Two movies that lacked the Vidya Balan energy and drive were the ones to not do justice to the audience’s expectations – Heyy Babyy (2007) and Kismat Konnection (2008). “Those were the only films that I did without scripts. I wanted to work with Aziz Mirza (director, Kismat…). Whatever the criticism might be, I am proud of all my work and happy with each experience. The film didn’t turn out the way it was meant to. As human beings we are not consistent, in fact, that kind of consistency almost takes away from creativity! Having said that, I lacked passion in these films…I’m very transparent.” Why would someone so driven not give it her best shot? “I thought I could go through those films without much effort and I was mistaken. I admire those actors who do the regular roles so beautifully. After Kismat… my eyes opened to the fact that what we look upon as regular may actually be a lot more challenging. There are very few times that I have fallen prey to being indifferent towards my work…and both those times it showed. Today, even if I do less work, I want to do work that I believe in.” It is evident that this belief has worked for her. Balan’s mother, who is normally not the “weepy sort”, found her eyes welling up after seeing her daughter’s portrayal of a strong single mom of a progeria-afflicted 13-year-old in Paa, and her father – deeply impressed with her performance – spontaneously gifted her a Mercedes, something she had been eyeing for a while, with a note ‘From Paa for Paa’.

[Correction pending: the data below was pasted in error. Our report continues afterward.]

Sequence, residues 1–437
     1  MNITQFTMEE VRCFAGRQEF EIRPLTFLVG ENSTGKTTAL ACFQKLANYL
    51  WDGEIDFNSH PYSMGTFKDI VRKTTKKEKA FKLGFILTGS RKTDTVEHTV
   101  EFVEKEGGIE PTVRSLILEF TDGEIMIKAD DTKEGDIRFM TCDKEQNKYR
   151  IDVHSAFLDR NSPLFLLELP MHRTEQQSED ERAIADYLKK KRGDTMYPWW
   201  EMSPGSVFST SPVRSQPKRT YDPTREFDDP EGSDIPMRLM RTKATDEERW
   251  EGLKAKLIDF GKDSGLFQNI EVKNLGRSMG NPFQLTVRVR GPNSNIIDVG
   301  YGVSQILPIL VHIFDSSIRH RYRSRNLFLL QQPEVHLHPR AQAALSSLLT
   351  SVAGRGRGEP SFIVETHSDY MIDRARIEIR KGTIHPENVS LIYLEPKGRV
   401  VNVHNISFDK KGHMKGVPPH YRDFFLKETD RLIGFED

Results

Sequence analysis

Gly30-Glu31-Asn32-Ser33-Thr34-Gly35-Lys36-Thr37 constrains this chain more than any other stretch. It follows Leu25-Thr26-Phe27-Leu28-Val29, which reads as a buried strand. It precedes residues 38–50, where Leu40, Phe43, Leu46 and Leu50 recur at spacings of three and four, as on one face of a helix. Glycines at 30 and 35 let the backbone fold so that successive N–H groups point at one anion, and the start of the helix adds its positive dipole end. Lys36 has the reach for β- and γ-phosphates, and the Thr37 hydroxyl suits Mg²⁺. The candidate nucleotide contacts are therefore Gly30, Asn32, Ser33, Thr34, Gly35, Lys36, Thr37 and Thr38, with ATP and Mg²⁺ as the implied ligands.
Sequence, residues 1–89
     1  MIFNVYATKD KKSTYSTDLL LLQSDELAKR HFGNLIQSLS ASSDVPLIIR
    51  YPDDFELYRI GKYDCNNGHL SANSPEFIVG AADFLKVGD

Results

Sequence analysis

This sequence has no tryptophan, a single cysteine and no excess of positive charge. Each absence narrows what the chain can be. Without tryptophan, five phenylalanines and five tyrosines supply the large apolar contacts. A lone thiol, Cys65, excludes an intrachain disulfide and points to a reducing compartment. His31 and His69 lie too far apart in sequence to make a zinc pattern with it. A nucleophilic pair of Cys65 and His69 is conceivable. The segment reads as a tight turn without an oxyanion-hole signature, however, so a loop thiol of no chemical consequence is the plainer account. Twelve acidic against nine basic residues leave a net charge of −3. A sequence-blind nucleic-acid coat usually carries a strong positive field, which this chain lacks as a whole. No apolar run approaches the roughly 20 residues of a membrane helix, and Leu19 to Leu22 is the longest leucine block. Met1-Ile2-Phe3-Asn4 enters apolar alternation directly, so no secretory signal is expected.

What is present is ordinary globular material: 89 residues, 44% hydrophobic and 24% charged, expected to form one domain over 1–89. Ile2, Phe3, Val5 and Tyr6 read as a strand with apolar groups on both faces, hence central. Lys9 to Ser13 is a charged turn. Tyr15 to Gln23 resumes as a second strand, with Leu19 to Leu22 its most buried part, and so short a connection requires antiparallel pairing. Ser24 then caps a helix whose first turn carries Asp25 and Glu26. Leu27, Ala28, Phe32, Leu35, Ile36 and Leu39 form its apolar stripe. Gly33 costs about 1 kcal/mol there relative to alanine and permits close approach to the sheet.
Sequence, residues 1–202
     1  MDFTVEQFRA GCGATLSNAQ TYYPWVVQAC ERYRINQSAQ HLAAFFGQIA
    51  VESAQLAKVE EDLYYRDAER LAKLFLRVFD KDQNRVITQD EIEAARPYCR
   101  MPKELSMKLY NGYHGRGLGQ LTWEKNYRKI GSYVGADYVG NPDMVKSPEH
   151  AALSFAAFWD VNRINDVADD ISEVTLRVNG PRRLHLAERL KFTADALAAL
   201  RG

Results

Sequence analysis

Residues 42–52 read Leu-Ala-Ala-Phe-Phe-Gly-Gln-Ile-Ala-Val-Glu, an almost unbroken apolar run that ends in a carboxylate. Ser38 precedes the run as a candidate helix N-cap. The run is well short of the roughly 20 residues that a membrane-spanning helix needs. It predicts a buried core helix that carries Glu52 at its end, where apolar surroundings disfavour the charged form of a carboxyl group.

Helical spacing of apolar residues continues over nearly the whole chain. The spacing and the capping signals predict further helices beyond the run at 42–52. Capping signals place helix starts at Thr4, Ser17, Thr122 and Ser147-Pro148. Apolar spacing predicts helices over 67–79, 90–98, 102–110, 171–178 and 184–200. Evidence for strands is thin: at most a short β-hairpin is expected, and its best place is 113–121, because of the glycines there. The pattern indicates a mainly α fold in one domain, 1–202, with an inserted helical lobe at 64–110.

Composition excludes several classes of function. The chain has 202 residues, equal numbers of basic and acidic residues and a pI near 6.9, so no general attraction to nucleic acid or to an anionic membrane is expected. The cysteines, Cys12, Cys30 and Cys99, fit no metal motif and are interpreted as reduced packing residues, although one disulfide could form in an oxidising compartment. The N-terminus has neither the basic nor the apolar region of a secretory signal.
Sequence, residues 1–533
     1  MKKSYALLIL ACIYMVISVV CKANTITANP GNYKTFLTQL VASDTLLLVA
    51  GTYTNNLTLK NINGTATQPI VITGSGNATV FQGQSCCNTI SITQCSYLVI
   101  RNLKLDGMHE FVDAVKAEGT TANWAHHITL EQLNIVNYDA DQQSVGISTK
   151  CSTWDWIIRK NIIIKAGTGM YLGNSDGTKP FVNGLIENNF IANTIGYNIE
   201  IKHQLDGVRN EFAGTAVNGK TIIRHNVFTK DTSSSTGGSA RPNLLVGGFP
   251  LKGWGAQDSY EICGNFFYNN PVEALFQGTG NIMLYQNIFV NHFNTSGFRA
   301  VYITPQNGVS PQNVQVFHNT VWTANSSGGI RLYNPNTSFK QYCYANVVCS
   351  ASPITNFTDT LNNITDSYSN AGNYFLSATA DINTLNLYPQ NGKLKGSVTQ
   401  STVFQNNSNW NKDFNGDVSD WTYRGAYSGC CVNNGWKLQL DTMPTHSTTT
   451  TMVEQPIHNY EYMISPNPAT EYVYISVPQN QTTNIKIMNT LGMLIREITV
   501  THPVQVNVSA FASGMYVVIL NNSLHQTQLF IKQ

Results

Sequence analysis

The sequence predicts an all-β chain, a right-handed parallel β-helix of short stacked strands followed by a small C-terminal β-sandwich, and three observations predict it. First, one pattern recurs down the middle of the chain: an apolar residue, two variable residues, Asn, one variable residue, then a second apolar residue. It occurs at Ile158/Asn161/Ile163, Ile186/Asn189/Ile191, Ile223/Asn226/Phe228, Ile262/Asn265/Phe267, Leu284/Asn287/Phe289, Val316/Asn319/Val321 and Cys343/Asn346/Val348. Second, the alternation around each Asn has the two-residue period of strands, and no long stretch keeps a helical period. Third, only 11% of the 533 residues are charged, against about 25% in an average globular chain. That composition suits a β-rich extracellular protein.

Vidya Balan writes a diary every day, however late it may be. Music pulses through her veins – eclectic, more instrumental than vocal – think Sufi, Asian Underground, Nirvana, Buddha Bar, and that of RD Burman and Gulzar from the ’70s and ’80s. She can talk on the phone endlessly with someone she’s interested in. Even after seven days of no sleep. But you can’t talk to her when she has just woken up. And an undercurrent of silence really gets her buzzing. “There is nothing more romantic than standing in a room full of people and there is silent communication taking place between the two of you. You can be in two different corners of the room, but it feels like you are right next to each other. I’ve experienced it…wanting those 100 people to disappear and somewhere in your head they have actually disappeared.”

While she wants to get there someday, she is not ready for marriage and kids yet. “You are constantly role-playing when you act. I don’t know who I am going to fall in love with. There are no limitations, about loving someone from within the industry or outside it. I know I can still be genuine, but it takes a lot. But, if I can help it, I wouldn’t want to be with an actor – two people constantly fighting for the mirror is just bad news!” She laughs, obliterating the opportunity to probe further.

There is a faraway expression in her eyes as she rattles off qualities in a man that turn her on. “Long and unruly hair can be so sexy! A man’s voice – it has to have a certain base to it. Not a baritone, but a certain lingering quality; and of course interesting conversations. Being self-assured, I find that extremely attractive. A little bit of arrogance for a while can be fun. Definitely someone who likes me the way I am. I don’t have a vision of a man I’d get attracted to…it’s never about the looks for me, it’s always about personality. I have never been able to tell my type – having fallen for radically different, even unusual men.” Anybody I know? I counter. And no, I’m not buying that George Clooney line. She lets out a peal of mischievous laughter. “We shall talk about that later.”

Men she may choose to postpone; success she can’t. Paa has already begun garnering wins for her, and Ishqiya promises to take her to a new high. “Success is something that is personal. Its definition changes every day, if not every moment. When you accomplish what you want to do, that’s success. You know that if people are accepting you, then you need to continue doing what you are doing. It gives you the courage to be who you are, more than ever.”